Dr Dimitrij Rupel is a sociologist, politician, diplomat, writer, playwright, editor, publicist and former foreign minister.

[1] Figures are generally available online, otherwise I rely on the manuscript of Miha Kovač Results of the KiB survey (Book and Readers) 6 compared to the Norwegian Survey of Reading Habits 2018 and publishing and library statistics.

[2] Miha Kovač and Rüdiger Wischenbart, “Globalization and Publishing”, The Oxford Handbook of Publishing (Edited by Angus Phillips and Michael Bhaskar), Apr 2019.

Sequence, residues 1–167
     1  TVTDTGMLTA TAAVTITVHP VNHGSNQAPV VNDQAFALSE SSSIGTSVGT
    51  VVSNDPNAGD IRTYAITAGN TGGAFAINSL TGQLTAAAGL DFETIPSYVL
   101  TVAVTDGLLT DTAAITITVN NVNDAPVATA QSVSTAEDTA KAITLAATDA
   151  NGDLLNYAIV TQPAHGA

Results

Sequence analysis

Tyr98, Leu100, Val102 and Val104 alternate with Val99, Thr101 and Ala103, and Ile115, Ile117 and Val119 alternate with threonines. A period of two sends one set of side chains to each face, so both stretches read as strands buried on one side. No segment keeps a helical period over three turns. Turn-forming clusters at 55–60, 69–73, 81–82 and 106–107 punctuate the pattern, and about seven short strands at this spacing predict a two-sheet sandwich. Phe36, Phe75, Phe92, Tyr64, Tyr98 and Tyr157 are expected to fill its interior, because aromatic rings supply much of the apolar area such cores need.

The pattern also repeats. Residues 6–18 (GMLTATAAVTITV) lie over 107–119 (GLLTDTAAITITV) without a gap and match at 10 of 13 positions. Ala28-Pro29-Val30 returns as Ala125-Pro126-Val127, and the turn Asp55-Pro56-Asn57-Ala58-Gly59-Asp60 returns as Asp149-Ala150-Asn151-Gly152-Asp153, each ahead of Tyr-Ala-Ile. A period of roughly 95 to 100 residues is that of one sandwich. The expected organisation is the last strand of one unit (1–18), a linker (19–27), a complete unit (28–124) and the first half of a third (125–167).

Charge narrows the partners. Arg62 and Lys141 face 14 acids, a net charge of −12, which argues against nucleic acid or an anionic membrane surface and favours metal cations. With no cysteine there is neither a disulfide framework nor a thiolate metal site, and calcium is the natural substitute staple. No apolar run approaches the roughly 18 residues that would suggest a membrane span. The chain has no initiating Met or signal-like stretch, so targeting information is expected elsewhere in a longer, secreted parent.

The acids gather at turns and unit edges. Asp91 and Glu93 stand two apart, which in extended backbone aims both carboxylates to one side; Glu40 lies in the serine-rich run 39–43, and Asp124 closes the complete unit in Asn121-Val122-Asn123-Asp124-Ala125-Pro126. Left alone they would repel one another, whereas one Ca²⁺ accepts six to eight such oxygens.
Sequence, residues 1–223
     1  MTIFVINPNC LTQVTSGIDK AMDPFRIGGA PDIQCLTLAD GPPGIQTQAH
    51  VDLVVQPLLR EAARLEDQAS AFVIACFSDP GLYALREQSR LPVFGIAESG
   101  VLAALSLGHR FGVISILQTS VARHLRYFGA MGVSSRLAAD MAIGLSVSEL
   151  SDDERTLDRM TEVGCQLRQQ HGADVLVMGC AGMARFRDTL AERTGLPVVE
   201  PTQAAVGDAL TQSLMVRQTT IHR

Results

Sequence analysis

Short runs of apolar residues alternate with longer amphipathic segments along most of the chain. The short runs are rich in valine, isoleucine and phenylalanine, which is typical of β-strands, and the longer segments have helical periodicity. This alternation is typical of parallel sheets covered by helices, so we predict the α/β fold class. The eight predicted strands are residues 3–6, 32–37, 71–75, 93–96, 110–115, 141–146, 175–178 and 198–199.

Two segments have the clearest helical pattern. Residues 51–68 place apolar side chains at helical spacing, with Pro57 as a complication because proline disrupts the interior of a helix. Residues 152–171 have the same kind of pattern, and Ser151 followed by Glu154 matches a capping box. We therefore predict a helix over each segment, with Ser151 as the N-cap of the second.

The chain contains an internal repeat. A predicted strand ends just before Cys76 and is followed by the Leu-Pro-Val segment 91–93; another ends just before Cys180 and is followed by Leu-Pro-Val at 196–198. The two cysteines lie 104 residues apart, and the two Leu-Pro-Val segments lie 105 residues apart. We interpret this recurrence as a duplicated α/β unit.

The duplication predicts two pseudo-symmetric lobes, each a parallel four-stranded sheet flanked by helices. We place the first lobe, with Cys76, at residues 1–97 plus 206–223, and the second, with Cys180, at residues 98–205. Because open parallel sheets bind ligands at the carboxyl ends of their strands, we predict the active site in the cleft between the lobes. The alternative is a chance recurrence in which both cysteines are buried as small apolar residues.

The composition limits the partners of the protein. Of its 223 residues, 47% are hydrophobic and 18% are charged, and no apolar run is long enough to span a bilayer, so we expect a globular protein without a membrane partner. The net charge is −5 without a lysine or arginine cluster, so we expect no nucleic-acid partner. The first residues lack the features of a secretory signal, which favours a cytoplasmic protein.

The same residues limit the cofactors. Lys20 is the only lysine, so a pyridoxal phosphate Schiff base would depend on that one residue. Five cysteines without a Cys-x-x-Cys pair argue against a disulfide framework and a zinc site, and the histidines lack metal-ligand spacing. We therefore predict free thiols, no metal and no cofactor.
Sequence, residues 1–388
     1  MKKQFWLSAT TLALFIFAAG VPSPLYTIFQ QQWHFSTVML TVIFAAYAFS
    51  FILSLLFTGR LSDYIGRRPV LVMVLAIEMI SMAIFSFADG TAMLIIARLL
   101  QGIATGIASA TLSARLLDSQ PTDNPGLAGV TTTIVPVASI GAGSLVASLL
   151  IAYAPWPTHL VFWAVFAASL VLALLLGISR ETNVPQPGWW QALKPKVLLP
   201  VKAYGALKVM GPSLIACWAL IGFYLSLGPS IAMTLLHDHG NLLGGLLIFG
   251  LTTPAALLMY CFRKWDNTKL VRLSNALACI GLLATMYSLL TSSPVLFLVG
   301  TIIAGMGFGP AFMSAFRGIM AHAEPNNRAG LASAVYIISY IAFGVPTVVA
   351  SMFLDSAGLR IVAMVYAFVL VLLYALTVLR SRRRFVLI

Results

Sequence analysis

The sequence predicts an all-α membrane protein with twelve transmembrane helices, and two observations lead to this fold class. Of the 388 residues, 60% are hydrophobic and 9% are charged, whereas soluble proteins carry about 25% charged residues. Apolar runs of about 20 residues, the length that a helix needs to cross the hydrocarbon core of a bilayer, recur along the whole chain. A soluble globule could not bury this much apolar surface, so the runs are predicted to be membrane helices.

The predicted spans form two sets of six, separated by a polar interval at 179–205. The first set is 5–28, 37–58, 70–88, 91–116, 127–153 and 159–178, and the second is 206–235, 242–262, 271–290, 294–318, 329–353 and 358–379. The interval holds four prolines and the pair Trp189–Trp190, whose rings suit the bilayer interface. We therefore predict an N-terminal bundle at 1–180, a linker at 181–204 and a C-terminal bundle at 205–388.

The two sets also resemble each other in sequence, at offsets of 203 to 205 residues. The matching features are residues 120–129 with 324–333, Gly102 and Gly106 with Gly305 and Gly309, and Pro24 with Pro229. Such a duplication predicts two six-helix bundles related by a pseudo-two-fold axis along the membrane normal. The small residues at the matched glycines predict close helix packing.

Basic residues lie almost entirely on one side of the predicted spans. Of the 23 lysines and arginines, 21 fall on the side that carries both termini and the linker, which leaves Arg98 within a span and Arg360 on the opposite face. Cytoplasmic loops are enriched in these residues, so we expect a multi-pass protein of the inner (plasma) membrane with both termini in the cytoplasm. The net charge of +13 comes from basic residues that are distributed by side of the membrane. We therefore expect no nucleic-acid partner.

[3] At first glance, the number of students (for whom reading is compulsory) and the number of intensive readers (more than 20 books per year) match, but two questions arise – the question of the number of intensive readers outside the student population and the credibility of respondents’ answers. When it comes to culture and education, people like to exaggerate, of course upwards.